Wavy tiled roof of Springingstream guesthouse is based on the outline of surrounding mountains

Beijing studio WEI Architects used traditional materials and construction techniques to convert a derelict house in Fujian province into a guesthouse featuring curving tiled roofs and reclaimed windows.

Springingstream guesthouse is situated in the village of Chi Xi in Fuding County, where dramatic mountains, tea fields and bamboo forests create scenery evocative of typical Chinese ink paintings.

The village was among the first to be targeted by the Chinese government during an initiative launched in 1984 to alleviate extreme poverty in rural villages.

Thirty years on, however, poverty is still prevalent in Chi Xi, and WEI Architects claimed the village’s political status has “restricted further development”.

The studio was commissioned to develop a project that could demonstrate how the renovation of existing properties can help to revitalise villages. The process was documented as part of a national television show.

An abandoned house typical of many disused properties in the village was chosen for renovation, with the completed building to be used as a bed and breakfast that will generate income for the community.

The two-storey building was carefully restored, and a separate guesthouse was erected on the site of a pair of structures previously used as sheep pens.

“We preserved parts of the existing house and reclaimed old timber, stone bases and other materials available in the region,” said WEI Architects.

“Local villagers with building techniques were hired to ensure the traditional construction methods, like the mortise-and-tenon structure and special transformational window-door framing,” said the architects.

The buildings are positioned on the banks of a stream that cuts through mountains with rounded peaks. This scenery informed the shapes of curving tile-covered roofs that shelter verandahs lining both structures.

“The moment I set foot in this village I was touched by the environment, and this feeling drove the entire design process of this project,” added the studio’s founder and director, Na Wei.

“The perfect thing that I believe is the state of mutual integration, interdependence and vitality of all things in nature.”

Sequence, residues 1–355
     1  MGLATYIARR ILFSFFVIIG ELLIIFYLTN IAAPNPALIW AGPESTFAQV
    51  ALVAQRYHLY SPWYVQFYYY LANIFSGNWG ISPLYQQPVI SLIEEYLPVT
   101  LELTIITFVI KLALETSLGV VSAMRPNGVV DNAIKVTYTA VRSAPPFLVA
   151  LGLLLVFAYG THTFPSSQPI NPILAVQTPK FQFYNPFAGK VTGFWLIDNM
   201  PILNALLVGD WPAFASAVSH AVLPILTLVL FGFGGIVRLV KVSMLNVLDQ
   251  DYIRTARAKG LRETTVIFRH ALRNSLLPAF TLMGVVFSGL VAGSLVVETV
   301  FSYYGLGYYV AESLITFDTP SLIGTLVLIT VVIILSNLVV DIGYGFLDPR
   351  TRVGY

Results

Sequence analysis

The arching roofs also replicate the original house’s wooden eaves, which had become bowed over time.

The main house’s height and overall plan match those of the original building, partly due to the preservation of one of its gabled masonry walls.

Reclaimed timber and windows salvaged from the surrounding region are used throughout the renovations to ensure an aged aesthetic that reflects the house’s previous condition.

Internally, the layout is based on the local tradition for arranging the rooms around a central hearth. The entrance opens onto a communal space containing a kitchen with its original stove.

This space also accommodates a lounge area connected to a tea room on a covered outdoor deck. A window between the kitchen and tea room features shutters that pivot inwards to form an additional work surface.

A series of copper seams incorporated into the poured-concrete floor direct guests from the entrance towards doors leading to the tea room and a terrace facing the stream.

Exposed brickwork throughout the interior reinforces the building’s original character. Furniture was chosen to match the tones and textures of these time-worn surfaces.

The first floor accommodates a study, bathroom and two bedrooms featuring windows with operable wooden panels set below the glazing to facilitate natural ventilation.

The landscaping around the buildings uses local plants and stones reclaimed from the site. A path lined with bamboo and flowers leads between the tea room and the guest house.

The guest house contains two bedrooms and a bathroom, and is surrounded by a paved patio. Folding doors lining the bedrooms open these spaces up to the surrounding views and mountain air.

The studio, which is also known as Elevation Workshop, has previously completed a hotel featuring bamboo cabins arranged around a hot spring, and an installation made from strips of strengthened bamboo that formed benches and a hinged door.

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